You will require one of the following license subscriptions for each device that gets content from a Connected Cache-enabled distribution point:

  • Windows Enterprise E3 or E5, included in Microsoft 365 F3, E3, or E5
  • Windows Education A3 or A5, included in Microsoft 365 A3 or A5
  • Windows Virtual Desktop Access (VDA) E3 or E5
Supported Operating Systems
  • Windows Server 2019 with Hyper-v role and network switched
  • Windows 10 with Hyper-v feature enabled

The hardware recommendations are just that, recommendations depending on the number of devices connected to the MMC service.

ComponentSmall EnterpriseLarge Enterprise
Network1 Gbps5Gbps
Disk1 SSD 50GB 1 SSD 200GB

Getting started

Getting started with MCC is easy, we need to do a little configuration within Azure, an automated deployment within Windows and configure a Intune configuration policy and finally testing on the devices. But don’t worry, I’m here to guide you through the process.

As the product is currently still in Preview there is no cost involved, this may change in the future. I will update the blog accordingly.

First lets hop over into the Microsoft Azure Portal and go to the Marketplace and search for Cache in the search bar, you can also use the URL HERE to go directly to the Marketplace.

Creating the MCC Resource

Lets go ahead and create the Cache Resource, you will be asked to select your Microsoft Subscription, the Resource Group you would like to attach the Nodes to and the Location. Currently there are only 3 locations available EU North, US West and Asia Pacific Korea Central. Choose a location best fitting for your needs.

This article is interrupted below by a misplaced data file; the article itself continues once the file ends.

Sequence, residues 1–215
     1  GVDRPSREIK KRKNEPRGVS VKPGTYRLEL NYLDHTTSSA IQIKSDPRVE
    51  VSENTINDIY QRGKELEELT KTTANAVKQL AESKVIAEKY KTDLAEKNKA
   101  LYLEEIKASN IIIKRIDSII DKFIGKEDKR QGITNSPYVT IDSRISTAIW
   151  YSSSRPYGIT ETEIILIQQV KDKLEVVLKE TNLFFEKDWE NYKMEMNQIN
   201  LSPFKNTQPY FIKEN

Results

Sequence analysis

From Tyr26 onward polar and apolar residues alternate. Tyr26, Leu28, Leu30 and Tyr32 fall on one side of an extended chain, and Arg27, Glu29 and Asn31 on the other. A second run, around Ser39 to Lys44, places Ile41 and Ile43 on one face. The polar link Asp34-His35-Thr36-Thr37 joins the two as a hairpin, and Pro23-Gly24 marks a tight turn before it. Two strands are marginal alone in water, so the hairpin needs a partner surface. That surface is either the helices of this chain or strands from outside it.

Enter your Connected Cache Resource Name, this is important as it will be used to group your Nodes for configuration later. I have a simple naming convention I like to use, But feel free to use whatever you use!

Node Deployment

Now that we have our MCC Resource all setup, we need to add our Nodes. The nodes will be connected to your on-prem caching server. I already have 3 nodes configured, but I will setup a 4th node for this demonstration.

From inside your MCC Resource, Select Cache Nodes > Select Create Cache Node

Now enter a Cache Node Name – It’s important to keep these names simple but distinguishable so that you know which node is servicing which DHCP Scoped Group. Don’t worry, later we will go over how to setup these groups and scope them.

Now that your node has been created in Azure we need to grab the Provisioning Package, this contains the automated deployment scripts for the EFLOW node in our Windows Server.

Create a Folder where we will store all our provisioning files.

Enter your Windows Host IP Address and the size of your cache drive in GB, for this demonstration I am using 50GB but this will likely be much larger in production, click Save then Provision Server, it may take a few minutes to generate the scripts, once done Download the Provisioning Package and copy your provisioning command.

Deploying your MCC Node in Windows

For the purposes of this article I am going to assume you already have a Windows Server 2019/22 or Windows 10 machine setup with Hyper-V enabled, and it connected to your network. If you would like a guide on building a machine for MCC, please let me know in the comments.